Guest Post: Sustainable Gardening by Susan M. Varlamoff
Note from Catherine Carrigan: Many people forget that our environment is the most powerful factor in determining our health. I have worked with countless clients who have had severe health reactions due to the ongoing use of pesticides, herbicides and other toxic chemicals in their lawns and gardens. The more we learn how to embrace organic gardening, the healthier we will be and the more beautiful our gardens shall become. Please enjoy this blog post by author Susan M. Varlamoff, an expert in sustainable gardening.
As we recycle, purchase fuel efficient cars, and turn down the thermostats in winter to reduce our environmental footprint, we can also manage our landscapes to enhance the local ecology.
Landscapes occupy vast swaths of land across urban and suburban areas in the U.S. Collectively, gardeners can have a big impact if they use sustainable gardening practices. Since gardening is Americans’ number one hobby, gardeners can transform our neighborhoods and enhance our depleted wildlife corridors in metro areas by using science-based practices.
Gardening to restore natural systems is not as daunting as it may sound. By first recognizing that Mother Nature is our life support system and then by mimicking her in our back and front yards, we can let her do the heavy lifting. Pollination, waste management, water and air purification, temperature modification, food and shelter are just a few essential services she provides and we can’t live without.
We can create a landscape that will be the envy of our neighbors and also benefit the local ecology, by following these basic principles and practices.
The foundation of a healthy landscape begins with fertile soil. In some parts of the country such as the northeast, northwest and upper Midwest, soils are rich in organic matter and nutrients. Plants thrive in these soils. In the southern regions of the country, clay and sand are dominant soil types where fewer plants can flourish. However, generous amounts of compost mixed into the soil will provide the nutrients and structure most plants require. Compost can easily be made in your backyard by piling yard waste and kitchen waste in a heap, and turning it from time to time. After six months, gardeners’ black gold can be used to enrich poor soils.
By grouping plants according to water needs, gardeners can save time watering plants and most importantly reduce the use of this precious resource by fifty percent. Most or approximately sixty percent of the landscape should be planted in shrubs and trees that require little watering beyond what nature provides. No more than thirty percent should consist of perennial beds and grass which require occasional watering. Areas such as annual beds and containers should not exceed ten percent of the landscape since they need frequent watering — sometimes every day. Rather than using potable water to irrigate annuals and perennials, collect rain water in barrels positioned under the gutters to use for this purpose.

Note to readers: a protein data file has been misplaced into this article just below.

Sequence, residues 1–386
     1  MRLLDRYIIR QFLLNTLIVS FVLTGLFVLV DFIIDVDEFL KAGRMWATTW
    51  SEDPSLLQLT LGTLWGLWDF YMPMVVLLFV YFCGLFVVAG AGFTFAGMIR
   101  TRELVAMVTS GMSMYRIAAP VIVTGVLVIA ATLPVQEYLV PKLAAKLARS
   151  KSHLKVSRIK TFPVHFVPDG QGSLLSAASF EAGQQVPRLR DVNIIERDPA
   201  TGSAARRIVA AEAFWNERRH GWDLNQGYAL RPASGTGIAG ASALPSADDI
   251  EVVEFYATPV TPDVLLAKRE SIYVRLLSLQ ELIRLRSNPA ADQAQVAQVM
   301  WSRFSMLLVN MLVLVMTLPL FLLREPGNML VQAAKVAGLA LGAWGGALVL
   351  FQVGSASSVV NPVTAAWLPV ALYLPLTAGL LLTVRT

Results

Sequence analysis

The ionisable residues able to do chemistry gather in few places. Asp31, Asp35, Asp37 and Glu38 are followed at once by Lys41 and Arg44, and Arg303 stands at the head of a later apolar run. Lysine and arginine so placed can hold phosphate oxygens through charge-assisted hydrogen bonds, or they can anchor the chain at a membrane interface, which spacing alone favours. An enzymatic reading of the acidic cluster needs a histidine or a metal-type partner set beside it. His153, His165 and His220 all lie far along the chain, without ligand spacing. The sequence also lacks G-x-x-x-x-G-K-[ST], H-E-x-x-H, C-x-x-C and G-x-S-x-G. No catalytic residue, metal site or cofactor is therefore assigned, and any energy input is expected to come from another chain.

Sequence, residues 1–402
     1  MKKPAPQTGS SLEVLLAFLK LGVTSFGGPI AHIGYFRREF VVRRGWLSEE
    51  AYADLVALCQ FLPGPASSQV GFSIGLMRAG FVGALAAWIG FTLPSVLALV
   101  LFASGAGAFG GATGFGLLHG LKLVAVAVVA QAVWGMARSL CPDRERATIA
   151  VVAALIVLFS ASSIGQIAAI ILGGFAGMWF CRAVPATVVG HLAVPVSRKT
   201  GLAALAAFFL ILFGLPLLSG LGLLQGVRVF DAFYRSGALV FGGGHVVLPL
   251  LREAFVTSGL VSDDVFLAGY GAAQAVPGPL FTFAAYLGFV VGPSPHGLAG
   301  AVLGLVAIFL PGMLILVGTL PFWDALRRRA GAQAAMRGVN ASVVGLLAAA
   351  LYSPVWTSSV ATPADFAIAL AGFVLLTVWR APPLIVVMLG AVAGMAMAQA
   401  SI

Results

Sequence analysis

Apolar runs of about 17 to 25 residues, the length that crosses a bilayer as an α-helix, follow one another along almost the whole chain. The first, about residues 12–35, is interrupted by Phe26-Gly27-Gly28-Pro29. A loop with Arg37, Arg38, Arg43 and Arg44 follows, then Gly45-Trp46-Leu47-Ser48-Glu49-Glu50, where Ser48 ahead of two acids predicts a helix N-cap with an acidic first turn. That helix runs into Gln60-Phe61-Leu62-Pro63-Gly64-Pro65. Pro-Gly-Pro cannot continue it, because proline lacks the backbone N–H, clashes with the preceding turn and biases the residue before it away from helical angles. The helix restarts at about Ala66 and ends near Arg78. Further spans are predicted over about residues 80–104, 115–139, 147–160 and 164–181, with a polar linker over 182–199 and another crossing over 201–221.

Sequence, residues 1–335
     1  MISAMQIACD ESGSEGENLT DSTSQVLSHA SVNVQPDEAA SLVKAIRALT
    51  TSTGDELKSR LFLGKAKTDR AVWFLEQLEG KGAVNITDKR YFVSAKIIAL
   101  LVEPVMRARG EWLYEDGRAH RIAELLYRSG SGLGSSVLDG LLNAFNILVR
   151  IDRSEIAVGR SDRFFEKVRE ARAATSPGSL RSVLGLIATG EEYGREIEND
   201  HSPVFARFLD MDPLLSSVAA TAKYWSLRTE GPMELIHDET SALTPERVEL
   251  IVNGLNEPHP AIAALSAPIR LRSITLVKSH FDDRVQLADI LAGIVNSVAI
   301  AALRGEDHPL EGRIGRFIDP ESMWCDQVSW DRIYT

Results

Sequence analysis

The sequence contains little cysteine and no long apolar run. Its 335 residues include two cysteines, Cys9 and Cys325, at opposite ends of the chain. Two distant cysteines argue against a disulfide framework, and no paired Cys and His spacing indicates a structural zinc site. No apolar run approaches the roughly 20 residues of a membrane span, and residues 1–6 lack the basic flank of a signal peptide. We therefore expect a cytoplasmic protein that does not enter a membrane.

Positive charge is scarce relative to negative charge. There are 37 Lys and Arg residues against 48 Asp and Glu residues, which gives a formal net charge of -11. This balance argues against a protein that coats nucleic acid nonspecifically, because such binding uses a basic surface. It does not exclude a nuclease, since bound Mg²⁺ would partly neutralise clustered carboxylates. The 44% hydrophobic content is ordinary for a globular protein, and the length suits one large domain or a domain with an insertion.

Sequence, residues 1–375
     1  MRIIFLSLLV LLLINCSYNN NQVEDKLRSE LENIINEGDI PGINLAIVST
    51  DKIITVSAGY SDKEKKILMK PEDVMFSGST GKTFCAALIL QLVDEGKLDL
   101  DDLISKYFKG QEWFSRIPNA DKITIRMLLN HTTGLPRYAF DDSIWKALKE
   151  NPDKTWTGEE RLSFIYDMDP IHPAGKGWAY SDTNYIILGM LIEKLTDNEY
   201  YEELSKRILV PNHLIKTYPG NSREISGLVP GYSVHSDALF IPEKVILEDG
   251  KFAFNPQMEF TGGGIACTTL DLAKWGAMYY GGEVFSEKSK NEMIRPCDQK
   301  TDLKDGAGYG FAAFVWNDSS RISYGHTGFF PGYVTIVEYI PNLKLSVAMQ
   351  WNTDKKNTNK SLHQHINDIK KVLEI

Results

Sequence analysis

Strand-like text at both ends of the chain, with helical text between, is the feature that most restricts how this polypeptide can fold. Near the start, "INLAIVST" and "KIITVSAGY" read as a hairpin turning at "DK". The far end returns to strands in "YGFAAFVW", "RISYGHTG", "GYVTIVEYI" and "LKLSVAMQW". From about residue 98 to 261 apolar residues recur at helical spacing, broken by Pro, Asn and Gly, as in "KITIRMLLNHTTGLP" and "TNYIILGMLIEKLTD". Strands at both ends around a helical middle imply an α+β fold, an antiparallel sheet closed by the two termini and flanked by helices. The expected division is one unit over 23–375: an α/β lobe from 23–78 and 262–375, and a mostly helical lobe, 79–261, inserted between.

University of Georgia experts recommend that lawns should be no more than forty percent of the total landscape. Why? Because gasoline powered lawn mowers release greenhouse gas emissions that contributes to global warming and garden chemicals if improperly applied can run off landscapes and pollute streams and rivers. Some grass species require a lot of water to maintain. In metro Atlanta, homeowner outdoor water use in summer often doubles due to lawn irrigation. Lawns also are only one species of plant and provide no habitat for wildlife.
University of Delaware scientist Doug Tallamy has spent years researching the importance of planting a diversity of native plants and trees to attract local wildlife. Native plants co-evolved with native insects, birds, mammals and other wildlife. Together they create a web of interactions where each organism performs a vital function in the ecosystem. Non-native plants are not recognized by the local wildlife as sources of food so a landscape consisting of primarily non-native plants is an ecological dead zone. Most states have native plant societies which will furnish lists of indigenous plants. With this in mind, use native plants in your landscape to give Mother Nature a boost.
To make the ultimate ecological statement in your yard, plant a native oak tree. According to Tallamy’s studies, native oaks are nature’s biggest biodiversity attractors. In addition, they store carbon dioxide and reduce climate change, hold the soil to prevent erosion, cool the air and collect and filter stormwater. The American Forestry Association says that if every American planted just one tree the amount of C02 in the atmosphere would be reduced by one billion pounds annually.
After you have installed your plants, use organic mulch such as wood chips, pine straw and pine bark around plants to maintain spoil moisture and temperature, reduce weeds and restore organic matter to the soil. The power companies prune trees that interfere with the electric lines and offer the chipped tree limbs free. Just ask the truck driver when they are working in your neighborhood.
In addition to restoring ecosystems, gardening is great exercise, a way to meet your neighbors and commune with nature. Skip the gym membership and get started!
Adapted from Sustainable Gardening for the Southeast by Susan Varlamoff. Available at Barnes and Nobles, Amazon.com and University Press of Florida upf.com.